There is a shameful pleasure in reading Louis Auchincloss: I felt it, for example, on page 30 of "The House of the Prophet," his 22nd and most recent book of fiction. The year is 1904. Our hero has been thoughtlessly dispatched by his darling Mum to Mrs. Driscoll's Day School on Central Park West wearing a "velvet suit like Little Lord Fauntleroy." The class bully warns him not to don such a garment again: but the next day the manly little chap once again shows up resplendently attired. The leering brute accosts him in the halls, eyes afire with simian rage, and demands: "Is your memory defective? Wasn't yesterday enough?"
"Is your memory defective?" Who else but Louis Auchincloss could wirte today about a 14-year-old who talks that way, and mean it? For there is not a scrap of irony in that sentence -- or, for that matter, anywhere else in the 275 ponderous pages that chronicle the life and itmes of the boy in the velvet suit, Felix Leitner, columnist, legal philosopher and upper-class twit.
Leitner's career is loosely based on that of the late Walter Lippmann. He attends Yale, writes a biography of Theordore Roosevelt for the 1912 campaign and cultivates impeccable taste in art. He marries a suitably genteel socialist ("Why should we have sought the heads of the rich?" she muses years later. "We were not frustrated social climbers. Mrs. Cornelius Vanderbilt asked Mommie and Dad to her balls"). In due course, he becomes a member of FDR's brain trust; but his faith in social justic wanes. He takes a job with a Wall Street law firm and writes a book arguing that "the Constitution can be made to yield to any interpretation."
Such intellectual apostasy can only lead to moral laxness, and temptation soon appears in the person of Gladys Satterlee, an alluring socialite who "affect long sashes and very high heels, and . . . smoked Turkish cigarettes in a long ebony holder." The two find themselves alone together for a mad moment on a hill above the blue Atlantic, and Felix boldly leans close and whispers, "I've been offered a seat on the Nation Labor Relations Board." Overwhelmed, Gladys invites him to "a lunch of chicken salad sandwiches and a bottle of Moselle."
The affair is discovered. To live down their disgrace they marry and make "a motor tour of the cathedrals of France." Then it's back across the pond to a house on Q Street run by "an efficient black couple."
There Felix writes a semiweekly newspaper column while Gladys plans glittering dinners. But his published opinions get them stricken off invitation lists, and Gladys leaves. Felix lives to a ripe old age as the capital's leading pundit, until he is overtaken by a stroke and dies in "the time of Watergate."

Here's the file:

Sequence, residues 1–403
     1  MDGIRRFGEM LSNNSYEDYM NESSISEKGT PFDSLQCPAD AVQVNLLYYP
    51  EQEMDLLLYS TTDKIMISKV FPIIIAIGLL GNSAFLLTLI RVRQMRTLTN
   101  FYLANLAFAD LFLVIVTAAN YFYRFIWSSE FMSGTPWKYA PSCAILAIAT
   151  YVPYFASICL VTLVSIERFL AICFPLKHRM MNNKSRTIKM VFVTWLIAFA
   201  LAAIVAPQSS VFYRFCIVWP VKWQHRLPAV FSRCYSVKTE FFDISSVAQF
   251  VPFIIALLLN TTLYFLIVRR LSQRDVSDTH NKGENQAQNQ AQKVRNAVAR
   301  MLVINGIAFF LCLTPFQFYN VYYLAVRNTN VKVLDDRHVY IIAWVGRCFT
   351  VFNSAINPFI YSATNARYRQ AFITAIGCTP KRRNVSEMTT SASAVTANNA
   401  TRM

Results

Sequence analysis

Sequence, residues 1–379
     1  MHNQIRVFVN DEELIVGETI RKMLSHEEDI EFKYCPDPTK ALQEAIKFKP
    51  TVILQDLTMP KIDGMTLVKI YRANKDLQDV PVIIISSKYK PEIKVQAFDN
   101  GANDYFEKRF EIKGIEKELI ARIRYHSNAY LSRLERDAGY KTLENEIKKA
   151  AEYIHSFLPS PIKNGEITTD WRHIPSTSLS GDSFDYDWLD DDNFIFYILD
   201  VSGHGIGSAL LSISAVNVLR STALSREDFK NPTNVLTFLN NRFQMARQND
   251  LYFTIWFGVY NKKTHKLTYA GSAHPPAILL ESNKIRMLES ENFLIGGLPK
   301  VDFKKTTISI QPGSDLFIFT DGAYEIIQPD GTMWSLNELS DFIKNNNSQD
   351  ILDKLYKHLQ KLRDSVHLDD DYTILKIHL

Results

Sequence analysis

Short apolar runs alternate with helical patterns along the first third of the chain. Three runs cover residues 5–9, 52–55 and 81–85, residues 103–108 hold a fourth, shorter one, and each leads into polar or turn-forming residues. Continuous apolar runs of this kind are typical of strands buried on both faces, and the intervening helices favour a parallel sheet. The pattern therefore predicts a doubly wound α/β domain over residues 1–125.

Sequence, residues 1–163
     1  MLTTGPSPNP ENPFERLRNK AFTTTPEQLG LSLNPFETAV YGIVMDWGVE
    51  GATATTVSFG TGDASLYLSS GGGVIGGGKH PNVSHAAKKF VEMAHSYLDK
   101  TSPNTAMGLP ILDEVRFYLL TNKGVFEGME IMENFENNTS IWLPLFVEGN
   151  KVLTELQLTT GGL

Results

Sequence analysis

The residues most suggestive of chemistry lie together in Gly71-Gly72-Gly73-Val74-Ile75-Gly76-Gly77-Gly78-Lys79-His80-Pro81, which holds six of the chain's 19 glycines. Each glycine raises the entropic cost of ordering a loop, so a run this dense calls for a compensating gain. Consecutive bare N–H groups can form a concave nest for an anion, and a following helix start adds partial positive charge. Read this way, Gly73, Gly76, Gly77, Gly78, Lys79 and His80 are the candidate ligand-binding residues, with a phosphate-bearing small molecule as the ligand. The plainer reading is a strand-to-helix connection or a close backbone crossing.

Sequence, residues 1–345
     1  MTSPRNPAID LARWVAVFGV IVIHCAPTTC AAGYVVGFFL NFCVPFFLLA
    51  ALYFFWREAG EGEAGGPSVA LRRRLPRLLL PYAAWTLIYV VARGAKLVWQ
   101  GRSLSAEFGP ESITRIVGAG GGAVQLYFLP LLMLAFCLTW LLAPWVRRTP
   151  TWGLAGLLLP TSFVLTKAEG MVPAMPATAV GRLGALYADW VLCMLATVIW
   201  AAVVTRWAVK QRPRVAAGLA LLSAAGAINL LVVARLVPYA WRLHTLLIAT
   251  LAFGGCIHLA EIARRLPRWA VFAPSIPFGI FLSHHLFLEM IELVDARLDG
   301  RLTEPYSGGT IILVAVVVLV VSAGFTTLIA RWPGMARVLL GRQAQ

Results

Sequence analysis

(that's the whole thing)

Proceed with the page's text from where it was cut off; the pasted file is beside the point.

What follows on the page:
Why did I find this all so tiresome, when other novels by Auchincloss, equally precious and hoity-toity, have been enjoyable? There are good touches here and there, and the character of Felix, "a kind of monster of self," is intermittently vivid and intriguing. But in the end, it adds up to little more than a motor tour of New York society totems of the past half-century.
It's worth comparing this book with Auchincloss's best-known novel, "The Rector of Justin." In a sense, they are the same book. Both tell the story of an East Coast elite egotist through improbable epistolary fragments assembled by a fragile amanuensis -- the hysterical Brian Aspinwall of "The Rector of Justic," the diabetic, impotent Roger Cutter of "The House of the Prophet." In both books, the character goes through a central crisis of faith -- Justin's Frank Prescott of his faith in the God of Phillips Brooks, Leitner of his in secular political reform.
But "The Rector of Justin" stands up under repeated rereadings; "The House of the Prophet" is a soggy mess.
The reason, I think, has to do with scale. Frank Prescott is a private-school headmaster, and "The Rector of Justin" leads the reader back to adolescene, a time when class-snobbery and affectation seem deadly serious, and the caprices of such creatures can still affect our futures. By contrast, Felix Leitner moves in the great world of history and politics, in which he plays the minor role of "intellectual commentator" and "detached political philosopher." I have trouble finding much enthusiasm for reading real Washington columns, much less long novels about the ink-stained wretches who write them.
Thus, when Roger Cutter is troubled by the revelations of Leitner's friends, he reassures himself by opening a collection of columns and bathing in "the words, the wonderful words, the crisp and pungent phrases, the sharp staccato sentences." As a triumphant example, he quotes Leitner's description of the Bay of Pigs invasion as "'a marine operation that brings to mind the genius of Philip II and Medina Sidonia.'"
All very mordant, to be sure; but while Leitner was on Q Street flipping through Bartlett's, real people on both sides were fighting and dying at Playa Giron. The contrast between their story and Leigner's fey response is too much for this frail novel to support. A chapter later, a student radical, stuffed with straw, is led onstage to denounce Leitner as "the archimperialist of our time." Felix responds suavely, "My dear boy, don't be an ass." For once, I quite agreed.